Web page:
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Best-selling books

Notable Books | The top five best-selling hardback novels as of Sept. 20

Issue: "Iraq: Terror without end," Oct. 2, 2004

Best-selling books

The top five best-selling hardback novels as measured by placement on four leading lists as of Sept. 20

1. Trace -- Patricia Cornwell

Plot: Virginia's former chief medical examiner, Kay Scarpetta, returns to Richmond to help solve a murder that turns out to be connected to the person stalking her niece and a lunatic named Edgar Allen Pogue.

Gist: once upon a time Patricia Cornwell wrote solid mysteries. Then her plots became perverse, her characters caricatures, and her bad guys almost super-human cellar dwellers. This may not be her worst outing, but it's close.

2. The da Vinci Code -- Dan Brown

Plot: A curator at the Louvre is murdered, but before he dies leaves clues that send his granddaughter (a police cryptologist) and his colleague (a Harvard professor) on a search for the killer.

Gist: This goddess-worshipping conspiracy tale continues to sell its weird theories of biblical interpretation and a profane premise: that Jesus and Mary Magdalene were married and produced a daughter.

3. Jonathan Strange & Mr. Norrell -- Susanna Clarke

Plot: Mr. Norrell is a British magician two centuries ago. His reputation grows, especially after he appears to raise a woman from the dead. He attracts a student whose power rivals his own: they learn that there is a dangerous magic greater than theirs.

Gist: Ms. Clarke's 782-page imaginative debut novel unfolds leisurely. The book's lovely writing, with its echoes of Jane Austen, gets bogged down in a tedious exploration of magic in all its permutations.

4. The Five People You Meet in Heaven -- Mitch Albom

Plot: an old man dies and in heaven meets five people whose lives were intertwined with his.

Gist: the bestselling author of Tuesdays with Morrie has a knack for description, but his fable about what happens after death flows poorly and drips with clichés. Aphorisms like "in heaven you get to make sense of your yesterdays" compete with Jonathan Livingston seagull's wisdom.

5. Rule of Four -- Ian Caldwell, Dustin Thomason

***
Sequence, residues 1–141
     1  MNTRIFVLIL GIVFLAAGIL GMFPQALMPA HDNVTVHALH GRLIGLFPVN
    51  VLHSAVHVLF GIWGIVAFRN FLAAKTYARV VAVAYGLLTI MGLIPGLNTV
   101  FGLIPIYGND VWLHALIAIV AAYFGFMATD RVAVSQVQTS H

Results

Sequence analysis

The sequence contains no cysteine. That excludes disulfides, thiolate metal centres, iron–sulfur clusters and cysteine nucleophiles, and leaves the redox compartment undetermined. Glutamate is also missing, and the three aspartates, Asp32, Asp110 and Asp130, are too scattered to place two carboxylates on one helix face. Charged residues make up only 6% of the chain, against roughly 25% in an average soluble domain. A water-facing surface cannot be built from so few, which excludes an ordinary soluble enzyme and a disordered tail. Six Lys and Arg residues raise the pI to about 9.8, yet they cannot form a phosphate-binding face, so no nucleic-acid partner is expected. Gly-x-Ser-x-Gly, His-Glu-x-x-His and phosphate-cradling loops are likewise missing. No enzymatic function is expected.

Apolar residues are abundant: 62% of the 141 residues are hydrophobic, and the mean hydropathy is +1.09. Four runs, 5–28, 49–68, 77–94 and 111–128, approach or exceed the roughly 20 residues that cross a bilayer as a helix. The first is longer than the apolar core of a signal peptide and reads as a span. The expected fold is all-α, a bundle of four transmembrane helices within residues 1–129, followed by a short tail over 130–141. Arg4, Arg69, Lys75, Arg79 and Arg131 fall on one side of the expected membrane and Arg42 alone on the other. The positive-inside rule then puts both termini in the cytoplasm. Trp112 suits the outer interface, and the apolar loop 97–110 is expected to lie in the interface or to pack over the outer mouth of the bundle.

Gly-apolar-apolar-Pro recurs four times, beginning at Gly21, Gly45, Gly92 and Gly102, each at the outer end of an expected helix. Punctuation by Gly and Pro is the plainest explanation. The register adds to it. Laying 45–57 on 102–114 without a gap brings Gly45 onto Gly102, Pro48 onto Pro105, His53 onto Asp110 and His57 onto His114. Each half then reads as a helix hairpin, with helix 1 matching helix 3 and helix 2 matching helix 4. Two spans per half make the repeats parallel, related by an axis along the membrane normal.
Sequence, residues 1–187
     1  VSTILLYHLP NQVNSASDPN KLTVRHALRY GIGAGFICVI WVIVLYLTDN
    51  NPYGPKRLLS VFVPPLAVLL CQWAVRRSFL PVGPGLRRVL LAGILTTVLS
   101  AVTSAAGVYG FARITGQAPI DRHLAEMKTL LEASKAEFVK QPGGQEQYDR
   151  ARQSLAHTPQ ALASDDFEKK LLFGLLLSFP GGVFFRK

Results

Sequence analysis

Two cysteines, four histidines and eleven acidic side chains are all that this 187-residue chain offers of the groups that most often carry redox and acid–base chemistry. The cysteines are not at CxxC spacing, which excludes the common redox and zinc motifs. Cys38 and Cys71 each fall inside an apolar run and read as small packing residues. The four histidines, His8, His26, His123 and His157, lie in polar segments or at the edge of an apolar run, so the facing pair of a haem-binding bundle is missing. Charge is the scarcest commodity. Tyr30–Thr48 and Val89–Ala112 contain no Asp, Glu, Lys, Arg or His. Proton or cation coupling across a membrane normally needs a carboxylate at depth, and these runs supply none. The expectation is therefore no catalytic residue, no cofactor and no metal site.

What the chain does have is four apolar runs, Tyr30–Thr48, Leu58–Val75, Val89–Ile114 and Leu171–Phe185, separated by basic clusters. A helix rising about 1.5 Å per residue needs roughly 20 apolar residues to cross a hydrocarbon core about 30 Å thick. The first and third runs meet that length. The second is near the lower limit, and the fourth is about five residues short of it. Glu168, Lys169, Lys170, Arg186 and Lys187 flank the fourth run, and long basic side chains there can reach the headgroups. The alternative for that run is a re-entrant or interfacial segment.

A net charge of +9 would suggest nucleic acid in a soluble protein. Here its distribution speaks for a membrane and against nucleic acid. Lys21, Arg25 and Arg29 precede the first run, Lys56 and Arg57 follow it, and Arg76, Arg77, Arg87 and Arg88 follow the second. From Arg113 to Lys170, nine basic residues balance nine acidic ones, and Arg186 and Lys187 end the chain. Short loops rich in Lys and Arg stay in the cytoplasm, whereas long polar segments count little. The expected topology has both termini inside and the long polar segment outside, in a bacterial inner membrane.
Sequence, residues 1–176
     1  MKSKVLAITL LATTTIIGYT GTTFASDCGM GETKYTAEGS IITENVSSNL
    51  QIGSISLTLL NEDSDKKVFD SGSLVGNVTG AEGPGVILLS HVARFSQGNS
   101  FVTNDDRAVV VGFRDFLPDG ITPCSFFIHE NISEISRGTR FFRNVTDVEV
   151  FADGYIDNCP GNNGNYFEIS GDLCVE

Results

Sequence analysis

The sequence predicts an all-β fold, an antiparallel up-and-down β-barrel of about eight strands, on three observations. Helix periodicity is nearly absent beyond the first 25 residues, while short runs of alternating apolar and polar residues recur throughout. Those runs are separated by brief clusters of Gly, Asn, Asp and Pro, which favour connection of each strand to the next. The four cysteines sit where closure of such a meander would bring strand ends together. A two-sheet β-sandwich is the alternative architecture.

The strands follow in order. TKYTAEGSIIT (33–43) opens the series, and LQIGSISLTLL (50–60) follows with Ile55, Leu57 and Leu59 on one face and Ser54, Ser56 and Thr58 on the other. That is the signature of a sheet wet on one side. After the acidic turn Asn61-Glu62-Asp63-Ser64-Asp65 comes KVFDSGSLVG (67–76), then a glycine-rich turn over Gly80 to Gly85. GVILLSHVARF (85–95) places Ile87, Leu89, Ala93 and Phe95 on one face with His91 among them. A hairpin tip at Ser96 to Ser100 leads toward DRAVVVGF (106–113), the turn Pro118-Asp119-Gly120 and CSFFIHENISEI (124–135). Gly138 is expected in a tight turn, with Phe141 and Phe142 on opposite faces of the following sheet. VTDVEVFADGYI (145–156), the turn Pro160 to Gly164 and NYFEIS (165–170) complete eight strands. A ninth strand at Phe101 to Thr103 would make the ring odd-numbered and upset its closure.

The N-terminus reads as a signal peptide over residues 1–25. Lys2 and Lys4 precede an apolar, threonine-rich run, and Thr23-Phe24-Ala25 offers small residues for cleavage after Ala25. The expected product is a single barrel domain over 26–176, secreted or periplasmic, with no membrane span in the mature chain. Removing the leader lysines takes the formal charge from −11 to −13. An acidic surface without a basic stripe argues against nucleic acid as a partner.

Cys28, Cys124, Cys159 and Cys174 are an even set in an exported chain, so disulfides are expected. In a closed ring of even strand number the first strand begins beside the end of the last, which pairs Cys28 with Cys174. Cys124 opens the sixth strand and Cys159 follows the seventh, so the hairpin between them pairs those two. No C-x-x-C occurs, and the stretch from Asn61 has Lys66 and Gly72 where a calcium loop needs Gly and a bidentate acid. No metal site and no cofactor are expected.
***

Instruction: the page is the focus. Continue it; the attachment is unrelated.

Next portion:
Plot: Two brilliant Princeton students unlock the secrets of the hypnerotomachia, a renaissance manuscript that has bewitched scholars for centuries, and unleash a killer.

Gist: The rule of four is both mystery and coming-of-age novel. The reader is thrust into a strange academic world where narrator tom is torn between solving the mysteries of a manuscript and meeting the demands of a budding (sexual) relationship.

In the spotlight

According to The New York Times, Christian romance novels are becoming a big business and major publishers are taking notice. It's a trend that WORLD noted last summer (see July 3, 2004).

So what is distinctive about Christian chick lit, according to the Times? In one sense nothing. The Times talked to Judy Baer, author of The Whitney Chronicles, the first book put out by Harlequin's new Steeple Hill Café imprint. "Ms. Baer is convinced her readers want everything devotees of secular chick lit want. They seek a focus on the heroine and her development, as well as strong female friendships and a voice, she said, 'that's witty and sarcastic and warm all at the same time.'"

But Christians don't want "the smutty stuff," according to a vice president of the Evangelical Christian Publishers Association, and they are less comfortable with the materialistic emphasis of books like The Devil Wears Prada. "'Chick lit can be all about me, me, me,' said Eileen Key, an aspiring author. 'The Prada bag, the Lexus, that has to be more balanced with a less materialistic Christ-­conscious life'"

"So what's left without the sex and coveting of clothes?" the Times asks. "'There's a kind of deliciousness that comes with unfolding a relationship at a leisurely pace,' Ms. Baer said. 'You extend all the exuberance, the nervousness of folks falling in love.'"

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